Wednesday, May 25, 2005

EU leadership and the "NON" test

Lame duck, weak, and unpopular leaders who are “more interested in "bashing Brussels" to win over angry voters than building the European project” are blamed for the Political malaise in Europe according to the FT.

This is not new. The EU “project” has always been at risk from politicians using the EU as a scapegoat for their own policy failures. However, failure on the part of the EU institutions to defend themselves against such attacks hasn’t helped matters.

I would add that leaders do not have to “bash Brussels” to be a weak and lame duck leaders – Raffarin springs to mind here. In the BBC's Hardtalk news programme, that is being broadcast today on BBC World, he comes across as lacking the necessary charisma to persuade people to follow his lead on any policy initiative, let alone his pleas for ratification of the Constitutional Treaty. The FT reporting on this interview writes that:

Mr Raffarin warned it would take “a very, very long time” to recover from a No vote “during which we will have a political crisis and when we have a political crisis there are always serious economic consequences. Europe will grind to a halt . . . [but] the Indian, Chinese, US economies will grow. We cannot afford to wait.”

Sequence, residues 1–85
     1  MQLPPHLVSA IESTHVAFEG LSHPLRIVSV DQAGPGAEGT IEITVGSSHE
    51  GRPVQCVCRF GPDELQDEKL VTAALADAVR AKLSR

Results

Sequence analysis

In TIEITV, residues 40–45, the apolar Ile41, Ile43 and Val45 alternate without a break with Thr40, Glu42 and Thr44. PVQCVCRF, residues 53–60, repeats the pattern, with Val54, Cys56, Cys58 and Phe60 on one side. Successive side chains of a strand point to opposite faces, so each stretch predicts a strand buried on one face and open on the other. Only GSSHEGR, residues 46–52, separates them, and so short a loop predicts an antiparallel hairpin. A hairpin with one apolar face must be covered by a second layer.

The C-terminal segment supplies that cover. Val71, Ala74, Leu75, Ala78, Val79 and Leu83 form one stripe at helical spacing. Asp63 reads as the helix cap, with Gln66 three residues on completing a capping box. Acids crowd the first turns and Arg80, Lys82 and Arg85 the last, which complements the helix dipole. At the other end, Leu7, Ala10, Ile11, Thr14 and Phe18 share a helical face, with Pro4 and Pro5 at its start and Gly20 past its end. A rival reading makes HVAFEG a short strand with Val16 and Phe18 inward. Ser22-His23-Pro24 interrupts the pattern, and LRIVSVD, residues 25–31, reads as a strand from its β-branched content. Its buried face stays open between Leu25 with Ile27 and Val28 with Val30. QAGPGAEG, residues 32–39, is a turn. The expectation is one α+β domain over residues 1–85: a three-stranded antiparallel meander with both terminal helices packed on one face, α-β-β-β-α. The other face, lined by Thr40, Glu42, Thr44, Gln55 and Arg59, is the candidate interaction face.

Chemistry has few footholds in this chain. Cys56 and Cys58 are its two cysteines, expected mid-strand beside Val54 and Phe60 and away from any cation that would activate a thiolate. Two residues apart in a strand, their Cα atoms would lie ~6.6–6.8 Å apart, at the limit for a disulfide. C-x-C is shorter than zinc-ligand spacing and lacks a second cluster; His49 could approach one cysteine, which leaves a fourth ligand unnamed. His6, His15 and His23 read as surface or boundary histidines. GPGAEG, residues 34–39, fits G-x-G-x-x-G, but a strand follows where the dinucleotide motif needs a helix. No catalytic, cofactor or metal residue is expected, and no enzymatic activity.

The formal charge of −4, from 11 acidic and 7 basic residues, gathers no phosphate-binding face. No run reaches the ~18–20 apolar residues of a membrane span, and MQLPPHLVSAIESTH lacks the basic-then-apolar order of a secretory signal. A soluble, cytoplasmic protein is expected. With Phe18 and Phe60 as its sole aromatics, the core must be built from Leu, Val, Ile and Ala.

He also ruled out the prospect of running another referendum if the No vote wins on Sunday. “There will be no second round, no second chance. France will speak once and once it has spoken its message is clear.”

More @ FT Giscard fires first salvo as recriminations begin
Raffarin certainly seemed a bit dramatically animated, and over-excited, about the implications of a NO but then the French tend to be more emotional about politics ..... However I would point out, which the FT does not, that having just watched/listened to the interview he also said that if there is a new Treaty then a referendum on that could not be ruled out.

As I noted the other day a NO is not something to fear. How the EU deals with a NO will demontrate just how grown up the "Union" really is, and how strong and resilient it is. In my view this is a test that is overdue - if the "Union" and its institutions can weather the storm of a rejection in a positive, and mature manner then the EU will be stronger for it rather than weaker. Rejection of the Constitutional Treaty, contrary to what some politicians have said, does not mean rejecting the EU.